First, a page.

Proactively Monitoring TLS Certificate Deployment
This is a copy of my article from Datto’s engineering blog, originally published on 2021-09-13. As of the present, the server responds with an HTTP 502. The original text can be found on the Internet Archive.
Unless you’re using the ACME protocol with a certificate authority such as Let’s Encrypt, you’re probably well aware of the annoyance of certificate rotation. Here at Datto, we use certificates in many places with a validity period of around a year, depending on the Certificate Authority. Last February, we noticed that several production hosts were providing expired certificates for one of our major Internet-facing domains - a mistake that many other companies suffer from, as well. This caused several problems, and it was decided that after the issues were addressed, we needed to take a very proactive stance in monitoring certificates for all of our TLS-enabled services. I will not dive into the details about why the certificates weren’t properly rotated, but rather, what we’re doing from now on so this sort of issue never occurs again.
If you search something along the lines of “https certificate monitor” with your Internet search engine of choice, you’ll be met with no shortage of results. However, for all of the results that I evaluated, they all had one thing in common - the user needed to provide a static list of fully qualified domain names to be checked. Being a company that is constantly in flux (and adding new domain names to our DNS zones), I’m not sure how this method would succeed, unless the service was manually updated whenever a new domain name is added.
Even discounting the use of static lists, external certificate monitoring services may have other issues. For one, external services won’t have visibility into private networks. Secondly, if your network has load balancers that don’t terminate TLS sessions, any unaware scanner will most likely trust the first answer of the load balancer.
Finding a Source of Truth
With the above in mind, I wanted to derive a perfect mapping of IP -> hostname(s) information for all subdomains of a given company-managed domain. The solution? Ask your local DNS server.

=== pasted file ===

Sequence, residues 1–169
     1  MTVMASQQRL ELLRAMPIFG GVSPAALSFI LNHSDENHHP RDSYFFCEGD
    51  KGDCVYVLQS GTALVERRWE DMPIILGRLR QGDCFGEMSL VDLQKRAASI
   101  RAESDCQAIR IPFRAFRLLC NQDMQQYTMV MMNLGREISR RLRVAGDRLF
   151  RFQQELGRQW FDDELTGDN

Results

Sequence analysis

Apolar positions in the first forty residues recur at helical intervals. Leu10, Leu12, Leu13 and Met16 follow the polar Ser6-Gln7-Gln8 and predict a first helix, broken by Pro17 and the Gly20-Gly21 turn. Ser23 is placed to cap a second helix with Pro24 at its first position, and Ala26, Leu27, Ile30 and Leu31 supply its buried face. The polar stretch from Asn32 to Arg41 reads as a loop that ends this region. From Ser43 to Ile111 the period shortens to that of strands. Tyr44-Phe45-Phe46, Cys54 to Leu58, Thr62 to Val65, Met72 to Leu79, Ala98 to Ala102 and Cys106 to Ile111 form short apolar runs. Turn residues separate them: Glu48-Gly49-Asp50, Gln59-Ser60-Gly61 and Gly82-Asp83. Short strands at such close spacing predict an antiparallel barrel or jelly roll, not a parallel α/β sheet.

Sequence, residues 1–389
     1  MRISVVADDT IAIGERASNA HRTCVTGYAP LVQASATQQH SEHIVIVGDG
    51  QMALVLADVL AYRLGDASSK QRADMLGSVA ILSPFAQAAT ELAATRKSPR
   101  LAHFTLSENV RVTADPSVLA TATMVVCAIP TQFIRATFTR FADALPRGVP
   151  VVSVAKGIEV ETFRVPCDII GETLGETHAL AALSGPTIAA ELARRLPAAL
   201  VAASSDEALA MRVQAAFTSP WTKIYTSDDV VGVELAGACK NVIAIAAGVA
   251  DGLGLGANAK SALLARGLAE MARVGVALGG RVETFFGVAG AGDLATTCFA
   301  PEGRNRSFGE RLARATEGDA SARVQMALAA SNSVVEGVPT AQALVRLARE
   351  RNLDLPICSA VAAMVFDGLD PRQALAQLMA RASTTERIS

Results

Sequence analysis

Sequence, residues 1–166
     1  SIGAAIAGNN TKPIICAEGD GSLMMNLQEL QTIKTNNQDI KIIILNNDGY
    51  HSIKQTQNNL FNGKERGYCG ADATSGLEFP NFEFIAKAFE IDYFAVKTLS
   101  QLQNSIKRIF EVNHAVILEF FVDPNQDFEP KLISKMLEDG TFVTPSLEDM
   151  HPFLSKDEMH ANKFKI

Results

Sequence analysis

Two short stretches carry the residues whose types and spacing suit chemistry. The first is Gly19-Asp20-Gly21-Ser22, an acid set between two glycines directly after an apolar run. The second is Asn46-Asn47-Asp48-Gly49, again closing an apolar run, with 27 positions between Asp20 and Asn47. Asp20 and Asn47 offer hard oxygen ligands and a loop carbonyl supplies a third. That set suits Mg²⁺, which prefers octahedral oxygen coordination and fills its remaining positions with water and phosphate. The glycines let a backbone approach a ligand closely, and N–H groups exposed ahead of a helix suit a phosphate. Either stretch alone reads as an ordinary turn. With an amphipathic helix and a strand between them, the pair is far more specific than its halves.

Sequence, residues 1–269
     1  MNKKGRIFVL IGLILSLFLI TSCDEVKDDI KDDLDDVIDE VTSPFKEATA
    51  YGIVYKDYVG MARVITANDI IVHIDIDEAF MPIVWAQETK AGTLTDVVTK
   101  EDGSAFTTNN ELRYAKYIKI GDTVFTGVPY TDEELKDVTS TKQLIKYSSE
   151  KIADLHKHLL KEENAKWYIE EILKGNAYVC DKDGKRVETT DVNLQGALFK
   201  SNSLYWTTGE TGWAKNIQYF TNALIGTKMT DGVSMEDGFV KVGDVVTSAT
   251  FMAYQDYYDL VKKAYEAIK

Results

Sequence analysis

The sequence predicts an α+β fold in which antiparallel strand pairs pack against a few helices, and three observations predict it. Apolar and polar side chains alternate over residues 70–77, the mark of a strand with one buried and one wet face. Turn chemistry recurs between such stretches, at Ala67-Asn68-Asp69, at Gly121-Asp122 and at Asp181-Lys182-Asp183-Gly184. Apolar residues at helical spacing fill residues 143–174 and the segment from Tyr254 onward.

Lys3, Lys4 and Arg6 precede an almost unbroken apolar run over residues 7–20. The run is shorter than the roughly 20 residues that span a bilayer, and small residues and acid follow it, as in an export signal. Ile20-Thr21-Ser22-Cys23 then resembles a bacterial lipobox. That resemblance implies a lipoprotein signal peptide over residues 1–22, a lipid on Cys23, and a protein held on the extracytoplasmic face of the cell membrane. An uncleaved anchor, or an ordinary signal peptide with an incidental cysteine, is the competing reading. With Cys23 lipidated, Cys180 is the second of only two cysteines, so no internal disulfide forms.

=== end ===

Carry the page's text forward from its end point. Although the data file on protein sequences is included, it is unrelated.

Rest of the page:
Given the above problems, I set out to make my own solution. It would have to perform the following tasks:
- Discover all DNS zones that we serve
- Fetch all DNS records for each discovered zone
- Resolve all CNAME records to IP addresses
- For each fully qualified domain name that resolves to a given IP address (through any A or CNAME records), initialize a TLS session on each user-specified port and check whether or not the served certificate is valid
My implementation of this process does the above by taking in a list of DNS zone names and their authoritative nameservers. From there, it requests zone transfers (AXFRs) from each authoritative nameserver, according to a local configuration file. Note that the host running this tool must be approved to request zone transfers from each nameserver (unless using output of a previous zone transfer in JSON format). This privilege should not be taken lightly. Although zone transfers are extremely useful in this context, they’re also a fantastic resource for any attackers that can communicate with the DNS server. Be vigilant in your DNS server configuration, and keep a lean list of hosts approved to request zone transfers.
Evaluating TLS Certificates
With an export of all DNS records from zone transfers, we’re now ready to start checking TLS certificates. The project is written in Python, so I started to evaluate all of my options on how to validate certificates. Many of the SSL libraries that I investigated over didn’t seem to tell me why a given certificate chain was invalid, or which certificate in the chain was found to be invalid (if applicable). For example, Python’s ssl library simply raises SSLErrors, and the included reason is typically not very useful.
There’s also pyOpenSSL, which seems to be of use when you want to validate a single certificate or have the entire certificate chain on hand. I was looking for a more turn-key approach. In a perfect world, the library I was searching for would tell me exactly why the certificate chain was found to be invalid, with little effort on my part.
As I searched for more libraries, I came across SSLyze. Not only can this library evaluate whole TLS certificate chains and give you verbose error messages about certificate errors, but it also has a plethora of plugins. Of particular note to us is the CERTIFICATE_INFO ScanCommand, which provides detailed information about the host’s certificate chain. Here’s the output of using this ScanCommand on an HTTPS server, via SSLyze’s command-line interface: